Microsoft's Cultural Revolution
How the software giant is rethinking the way it does business in the world's largest market
by Sarah Schafer | 六月 28 '04
Microsoft's largest beachhead outside the United States is in the state most hostile to it: China. Since arriving in Beijing in 1990, the Gates empire has assembled a network of business operations, from research and development to sales and marketing to customer support, second only to its Redmond, Wash., hub. Bill Gates and CEO Steve Ballmer, whose minutes are managed as priceless commodities, regularly swoop into China for meetings with customers and government officials, trying to find a way to make it in the elusive China market.
A quarter century after its landmark opening to the West, the lingering absurdities of Chinese communism continue to foil the multinational dream of huge profits in the world's most populous nation. Most Western companies still lose money in China as a result of bureaucratic meddling, mistrust of foreigners, weak legal protections and other symptoms of the incomplete transition to capitalism. Even Microsoft, a famously efficient cash machine, admits it has struggled mightily in China. But there are now signs of change: from cars to couture, more American companies are starting to crack the code. Microsoft sees its future in international sales and desperately needs to make it in the mother of all markets. To a large degree, Ballmer's legacy depends on it. For now, executives say only that the software giant is not making the profit it should in China. But the outlook is improving, owing in part to a 180-degree shift in strategy. On several recent occasions, Ballmer has conceded that China is perhaps the one nation "absolutely big enough" to seriously challenge global computer standards like Windows. Between the lines, it's clear that Microsoft is no longer trying to change China; China is changing Microsoft.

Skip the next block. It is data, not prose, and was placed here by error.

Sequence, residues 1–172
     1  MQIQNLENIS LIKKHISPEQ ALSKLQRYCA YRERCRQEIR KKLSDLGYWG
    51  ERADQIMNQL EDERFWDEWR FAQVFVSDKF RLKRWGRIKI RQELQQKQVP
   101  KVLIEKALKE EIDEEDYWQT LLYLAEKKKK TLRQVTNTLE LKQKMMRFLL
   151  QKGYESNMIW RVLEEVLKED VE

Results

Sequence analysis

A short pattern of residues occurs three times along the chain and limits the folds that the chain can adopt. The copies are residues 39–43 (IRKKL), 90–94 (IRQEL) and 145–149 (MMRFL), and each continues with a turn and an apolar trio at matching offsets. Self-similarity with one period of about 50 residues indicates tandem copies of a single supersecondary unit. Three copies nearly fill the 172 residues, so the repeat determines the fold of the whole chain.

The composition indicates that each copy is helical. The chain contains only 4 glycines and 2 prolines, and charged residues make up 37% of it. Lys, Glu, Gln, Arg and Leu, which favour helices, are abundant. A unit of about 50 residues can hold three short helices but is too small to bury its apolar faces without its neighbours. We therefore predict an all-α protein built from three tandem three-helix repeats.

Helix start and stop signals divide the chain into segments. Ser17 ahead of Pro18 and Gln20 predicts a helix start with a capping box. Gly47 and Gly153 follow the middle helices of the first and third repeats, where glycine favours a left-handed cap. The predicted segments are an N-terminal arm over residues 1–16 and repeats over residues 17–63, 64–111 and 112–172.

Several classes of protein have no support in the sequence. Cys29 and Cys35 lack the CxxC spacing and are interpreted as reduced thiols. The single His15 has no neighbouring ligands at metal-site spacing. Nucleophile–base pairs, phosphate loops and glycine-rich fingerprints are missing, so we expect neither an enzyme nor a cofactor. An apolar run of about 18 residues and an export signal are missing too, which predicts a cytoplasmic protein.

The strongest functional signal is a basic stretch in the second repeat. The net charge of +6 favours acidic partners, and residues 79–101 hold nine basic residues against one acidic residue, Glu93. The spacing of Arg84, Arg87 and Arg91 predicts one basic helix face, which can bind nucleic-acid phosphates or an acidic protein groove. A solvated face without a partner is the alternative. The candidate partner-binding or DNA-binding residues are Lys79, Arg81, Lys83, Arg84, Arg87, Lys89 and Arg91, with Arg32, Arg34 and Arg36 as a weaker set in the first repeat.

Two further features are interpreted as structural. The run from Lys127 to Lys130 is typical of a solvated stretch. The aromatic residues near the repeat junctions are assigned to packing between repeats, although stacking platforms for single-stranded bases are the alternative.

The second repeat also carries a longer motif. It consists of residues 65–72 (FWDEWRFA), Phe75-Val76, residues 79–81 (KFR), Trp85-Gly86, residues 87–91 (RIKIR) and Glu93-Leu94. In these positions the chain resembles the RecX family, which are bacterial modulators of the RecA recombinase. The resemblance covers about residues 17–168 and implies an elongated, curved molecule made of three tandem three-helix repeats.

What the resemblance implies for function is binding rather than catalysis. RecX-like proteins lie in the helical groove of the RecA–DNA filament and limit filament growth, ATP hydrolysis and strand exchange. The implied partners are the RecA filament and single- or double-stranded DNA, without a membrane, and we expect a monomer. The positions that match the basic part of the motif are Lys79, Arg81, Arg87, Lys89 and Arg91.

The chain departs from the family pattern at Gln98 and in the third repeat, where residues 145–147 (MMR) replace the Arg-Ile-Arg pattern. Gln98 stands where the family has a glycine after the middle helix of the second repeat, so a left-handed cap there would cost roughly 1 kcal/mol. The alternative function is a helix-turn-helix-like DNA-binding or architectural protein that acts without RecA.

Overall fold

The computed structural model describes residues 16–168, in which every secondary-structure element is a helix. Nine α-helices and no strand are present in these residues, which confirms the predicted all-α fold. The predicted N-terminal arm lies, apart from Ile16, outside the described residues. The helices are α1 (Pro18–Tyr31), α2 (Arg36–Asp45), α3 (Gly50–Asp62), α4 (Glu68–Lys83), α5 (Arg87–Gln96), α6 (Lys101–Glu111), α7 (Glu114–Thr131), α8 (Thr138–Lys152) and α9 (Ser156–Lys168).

For Microsoft, the problem with doing business in China comes down mainly to one thing: piracy. Touts line the street outside a new 80 million Microsoft research center in Beijing, steering customers through alleys to run-down apartments where bootleg copies of Microsoft Office and Word are peddled for about 1, at least 199 less than the global retail price. Ninety percent of Microsoft products used in China are pirated, and for years the company battled back with its signature mix of bullying and intimidation. But in China the government has been sympathetic to the pirates, openly hostile to the Microsoft monopoly and officially embraced Linux, the free rival to Windows. Cheap software has been critical to China's economic boom, and Beijing saw no upside to forcing citizens with an average annual income of 1,000 to spend much of it on Windows.
The new Microsoft China strategy attempts to create a constituency for full-price software, starting with the political and business elite. This means improving customer support for big Chinese companies, helping Beijing develop a domestic software industry trained on and tied to Microsoft products, sharing more technology than it normally would and easing up on buyers of pirated software (but not on pirates). In September Microsoft made Timothy Chen its new China CEO and the face of its softer strategy. Chen, a 10-year veteran of Motorola China, says he was drawn by a mandate from the top–Gates and Ballmer–to revamp the Microsoft operation. "They all wanted to see an integrated China strategy, a road map," says Chen. He has dropped "the threatening-letter approach" and focused on recruiting large corporations as paying customers: "If we do that, I think then the legal users will come."
The master plan was long overdue. In the past decade China has grown into the world's second largest market for PCs, and potentially for Windows. Microsoft doesn't break down its China numbers, but Beijing tech analyst Huang Yong estimates that the company is in fact losing money in China on yearly revenue of 200 million to 300 million (out of 35 billion worldwide).